This was because of the illegal activities from 1988 of the irredentist Karabakh movement established in Armenia and the NKAO. This encouraged the mobilization of Armenian ethno-nationalists under the nationalist slogan miatsum or “unification” to demand the transfer of the NKAO from the jurisdiction of Soviet Azerbaijan to Soviet Armenia. In fact, the first demonstration that took place in Stepanakert on 13 February 1988, has traditionally been considered the start of this movement. Despite the rejection of this transfer by Soviet Azerbaijan, neither NKAO’s ethno-nationalists nor their supporters in Soviet Armenia and Armenian Diaspora relinquished their territorial claims. Moreover, with representation of Karabakh movement in the Supreme Soviet of the Armenian Soviet Socialist Republic (SSR) this body adopted a resolution “About reunion of the Armenian SSR and Nagorno-Karabakh” on 1 December 1989[3]. This was a serious violation of the constitutional norms of USSR, and was deemed by a resolution of the Presidium of the Supreme Soviet of Azerbaijan Soviet Socialist Republic (SSR) passed on 7 December 1989[4] as inadmissible interference in the affairs of the Azerbaijan SSR, and territorial encroachment. However, the involvement of Armenian SSR was continued further.

By 1989, the Karabakh movement had transformed into the Pan-Armenian National Movement and won the majority in the parliamentary election in May 1990. In fact, under the pressure of this movement Declaration of Independence of Armenia was adopted by the parliament on 23 August 1990[5]. This document[6] had a special clause related to the above-mentioned resolution on the reunion of Armenia and Nagorno-Karabakh, and, in turn, the Constitution of the Republic of Armenia[7] refers to the Declaration of Independence of Armenia until now. 

Thus, the leaders of Armenia SSR as well as afterwards the independent Republic of Armenia encouraged the separatists in the former NKAO and played an instrumental role in further occupation of Azerbaijani territory in pursuit of irredentist claims and ethnic solidarity.

As a result of this policy, all Azerbaijani inhabitants of the historic Karabakh region were expelled and, for more than 30 years, the stadium in Khankendi, built in the mid-1950s during the Soviet era, was used by the Armenian inhabitants alone. Only following the Second Karabakh war as well as localized counter-terrorism measures carried out by Azerbaijani armed forces on September 19-20 2023, the illegal Armenian armed formations were disarmed and Armenia’s armed forces agreed to leave the territory of Azerbaijan. The head of the illegal separatist regime S. Shahramanyan also signed a decree on termination of so called “Nagorno-Karabakh Republic” on 28 September 2023. According to the said decree, all institutions of this illegal entity had to be dissolved before 1 January 2024.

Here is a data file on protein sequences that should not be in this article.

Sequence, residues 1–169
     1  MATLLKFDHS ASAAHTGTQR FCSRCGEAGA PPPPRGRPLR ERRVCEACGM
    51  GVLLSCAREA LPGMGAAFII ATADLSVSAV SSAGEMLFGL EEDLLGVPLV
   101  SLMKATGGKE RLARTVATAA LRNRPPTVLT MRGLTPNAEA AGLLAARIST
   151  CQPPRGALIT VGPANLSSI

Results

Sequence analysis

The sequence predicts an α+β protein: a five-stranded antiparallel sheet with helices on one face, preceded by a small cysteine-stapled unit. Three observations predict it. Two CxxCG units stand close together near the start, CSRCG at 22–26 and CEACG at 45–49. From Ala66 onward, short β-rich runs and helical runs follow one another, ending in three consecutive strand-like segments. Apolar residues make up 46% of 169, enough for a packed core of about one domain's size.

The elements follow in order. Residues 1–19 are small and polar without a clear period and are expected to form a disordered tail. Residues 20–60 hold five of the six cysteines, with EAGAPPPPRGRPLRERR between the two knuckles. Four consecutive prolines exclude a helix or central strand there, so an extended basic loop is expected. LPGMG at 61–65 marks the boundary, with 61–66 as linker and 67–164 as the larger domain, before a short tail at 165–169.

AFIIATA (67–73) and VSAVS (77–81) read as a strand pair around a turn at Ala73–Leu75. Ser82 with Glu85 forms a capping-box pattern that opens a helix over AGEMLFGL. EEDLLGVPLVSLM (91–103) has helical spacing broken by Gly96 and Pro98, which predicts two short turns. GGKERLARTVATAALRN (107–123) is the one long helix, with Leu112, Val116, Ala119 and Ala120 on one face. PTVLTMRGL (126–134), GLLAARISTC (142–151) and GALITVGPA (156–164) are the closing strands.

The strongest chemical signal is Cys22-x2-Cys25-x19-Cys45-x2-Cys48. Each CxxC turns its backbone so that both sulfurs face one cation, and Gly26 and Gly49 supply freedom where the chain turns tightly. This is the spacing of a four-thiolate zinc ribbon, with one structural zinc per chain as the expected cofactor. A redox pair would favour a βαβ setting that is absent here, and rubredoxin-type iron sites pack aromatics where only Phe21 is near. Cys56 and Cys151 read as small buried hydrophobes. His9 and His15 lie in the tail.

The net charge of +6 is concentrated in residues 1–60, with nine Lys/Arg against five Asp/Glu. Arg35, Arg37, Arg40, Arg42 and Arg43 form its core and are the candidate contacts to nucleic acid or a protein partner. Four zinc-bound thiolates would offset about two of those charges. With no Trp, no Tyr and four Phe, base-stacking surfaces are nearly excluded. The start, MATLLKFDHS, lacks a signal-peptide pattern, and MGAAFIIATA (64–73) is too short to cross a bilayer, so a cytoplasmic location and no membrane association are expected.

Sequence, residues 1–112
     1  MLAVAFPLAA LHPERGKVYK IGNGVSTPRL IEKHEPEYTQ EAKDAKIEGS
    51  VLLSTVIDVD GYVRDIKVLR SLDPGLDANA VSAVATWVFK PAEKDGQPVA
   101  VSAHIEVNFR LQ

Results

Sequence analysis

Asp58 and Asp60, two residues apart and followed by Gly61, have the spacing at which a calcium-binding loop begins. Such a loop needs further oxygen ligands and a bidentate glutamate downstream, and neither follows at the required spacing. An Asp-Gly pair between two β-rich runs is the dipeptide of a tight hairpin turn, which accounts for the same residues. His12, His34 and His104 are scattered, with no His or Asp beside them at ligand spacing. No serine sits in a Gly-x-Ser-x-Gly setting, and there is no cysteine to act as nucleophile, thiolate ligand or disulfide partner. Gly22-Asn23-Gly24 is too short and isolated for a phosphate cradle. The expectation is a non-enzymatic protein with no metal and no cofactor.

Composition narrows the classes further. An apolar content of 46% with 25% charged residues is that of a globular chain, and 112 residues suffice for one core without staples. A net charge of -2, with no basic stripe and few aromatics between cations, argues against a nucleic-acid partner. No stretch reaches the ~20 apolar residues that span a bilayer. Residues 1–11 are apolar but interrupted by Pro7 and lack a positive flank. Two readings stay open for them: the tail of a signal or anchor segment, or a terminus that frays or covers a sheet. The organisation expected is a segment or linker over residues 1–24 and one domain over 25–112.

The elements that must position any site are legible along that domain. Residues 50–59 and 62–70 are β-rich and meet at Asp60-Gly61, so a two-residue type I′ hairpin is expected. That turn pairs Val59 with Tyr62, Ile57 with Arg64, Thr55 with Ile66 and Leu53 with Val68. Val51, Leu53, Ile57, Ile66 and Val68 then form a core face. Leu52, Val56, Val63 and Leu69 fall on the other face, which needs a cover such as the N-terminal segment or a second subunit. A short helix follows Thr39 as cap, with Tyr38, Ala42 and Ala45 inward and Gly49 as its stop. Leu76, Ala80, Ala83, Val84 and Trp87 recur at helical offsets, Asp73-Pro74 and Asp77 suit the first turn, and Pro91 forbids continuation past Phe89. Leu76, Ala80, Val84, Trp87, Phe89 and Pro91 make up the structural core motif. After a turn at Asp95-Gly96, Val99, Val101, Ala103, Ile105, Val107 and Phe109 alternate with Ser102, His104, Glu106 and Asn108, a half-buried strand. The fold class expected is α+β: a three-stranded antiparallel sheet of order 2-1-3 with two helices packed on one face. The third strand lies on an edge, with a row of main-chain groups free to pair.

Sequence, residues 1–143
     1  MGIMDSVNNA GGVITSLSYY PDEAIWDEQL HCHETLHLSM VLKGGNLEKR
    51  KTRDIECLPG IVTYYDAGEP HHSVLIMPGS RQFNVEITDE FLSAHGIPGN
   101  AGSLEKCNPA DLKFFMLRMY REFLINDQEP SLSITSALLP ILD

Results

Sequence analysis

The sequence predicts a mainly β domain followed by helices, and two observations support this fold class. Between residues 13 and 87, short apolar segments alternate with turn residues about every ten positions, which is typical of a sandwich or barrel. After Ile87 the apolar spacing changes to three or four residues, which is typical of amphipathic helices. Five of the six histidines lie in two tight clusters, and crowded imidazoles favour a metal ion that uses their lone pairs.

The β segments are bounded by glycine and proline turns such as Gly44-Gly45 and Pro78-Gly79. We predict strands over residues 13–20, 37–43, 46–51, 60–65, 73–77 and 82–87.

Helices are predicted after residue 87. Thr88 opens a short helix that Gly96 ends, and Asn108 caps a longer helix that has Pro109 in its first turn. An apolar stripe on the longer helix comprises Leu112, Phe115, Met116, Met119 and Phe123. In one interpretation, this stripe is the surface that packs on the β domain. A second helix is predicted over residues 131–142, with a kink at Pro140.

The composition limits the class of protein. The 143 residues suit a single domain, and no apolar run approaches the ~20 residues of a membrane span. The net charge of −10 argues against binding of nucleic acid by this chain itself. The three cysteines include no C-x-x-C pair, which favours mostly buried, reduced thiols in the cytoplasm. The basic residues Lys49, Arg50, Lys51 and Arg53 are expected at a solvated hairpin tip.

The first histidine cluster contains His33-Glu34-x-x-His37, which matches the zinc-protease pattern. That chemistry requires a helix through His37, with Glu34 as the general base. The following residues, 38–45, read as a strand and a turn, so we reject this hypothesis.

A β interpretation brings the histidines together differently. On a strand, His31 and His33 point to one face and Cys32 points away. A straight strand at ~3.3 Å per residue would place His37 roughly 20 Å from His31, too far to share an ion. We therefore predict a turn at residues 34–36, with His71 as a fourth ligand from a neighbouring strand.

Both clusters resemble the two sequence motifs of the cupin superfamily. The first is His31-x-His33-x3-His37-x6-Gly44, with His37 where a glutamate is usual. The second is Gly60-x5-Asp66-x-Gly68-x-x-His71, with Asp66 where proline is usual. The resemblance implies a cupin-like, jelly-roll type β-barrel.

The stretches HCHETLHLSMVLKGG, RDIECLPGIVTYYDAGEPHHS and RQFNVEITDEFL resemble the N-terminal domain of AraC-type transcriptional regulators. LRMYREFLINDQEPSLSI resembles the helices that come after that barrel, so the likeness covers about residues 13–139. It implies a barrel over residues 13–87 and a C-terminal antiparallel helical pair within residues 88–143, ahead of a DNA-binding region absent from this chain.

Today Azerbaijanis are able to go to Khankendi. There is also a hope that, one day, some of the Karabakh Armenians, most of whom decided to leave Karabakh, will return to this place. 

Everyone now hopes that the Armenian-Azerbaijani confrontation will finally sink into oblivion with a peace treaty to be signed soon and its successful implementation over the coming years. 

However, today we are standing head-to-head with the unknown. Can the current Armenian government overcome the revanchist forces in the country and advance the peace agenda with Azerbaijan? Can both Armenians and Azerbaijanis despite current narratives and stereotypes, as well as the geopolitical implications be able to achieve a durable peace for future generations? Only one thing is clear today: that, in the short term, Azerbaijan and Armenia have to establish inter-state relations, which have been nonexistent since both countries regained independence in 1991. For this purpose, perhaps signing an “Agreement on Peace and Establishment of Inter-state Relations” is an important prerequisite.


[1]Tabib Huseynov. A Karabakh Azeri perspective. In: Accord. “The Limits of Leadership. Elites and societies in the Nagorny Karabakh peace process”. Conciliation Resources. Issue 17, 2005, p. 25 -

[2] Az?rbaycan Respublikasının Dağlıq Qarabağ Muxtar Vilay?tinin l?ğv etm?k haqqında Az?rbaycan Respublikasının Qanunu -

[3]Joint resolution of Armenia SSR and Nagorny Karabakh Oblast on reunification, 1 December 1989 -

[4] Chronology of Armenian-Azerbaijan conflict (1987-1999) -

[5]Armenia Marks Anniversary of Declaration of Independence., 23 August 2001 -

[6]Declaration on the independence of Armenia of 23 August 1990 -

[7] Constitution of the Republic of Armenia  -

Gulshan Pashayeva
Gulshan Pashayeva

Dr. Gulshan Pashayeva is a Board Member at The Center of Analysis of International Relations (AIR Center) in Baku, Azerbaijan.